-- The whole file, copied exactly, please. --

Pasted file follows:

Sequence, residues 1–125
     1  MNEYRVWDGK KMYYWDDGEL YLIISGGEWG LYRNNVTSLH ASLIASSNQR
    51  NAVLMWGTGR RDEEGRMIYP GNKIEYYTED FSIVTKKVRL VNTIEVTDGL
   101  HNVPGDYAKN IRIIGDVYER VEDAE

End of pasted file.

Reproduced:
Sequence, residues 1–125
     1  MNEYRVWDGK KMYYWDDGEL YLIISGGEWG LYRNNVTSLH ASLIASSNQR
    51  NAVLMWGTGR RDEEGRMIYP GNKIEYYTED FSIVTKKVRL VNTIEVTDGL
   101  HNVPGDYAKN IRIIGDVYER VEDAE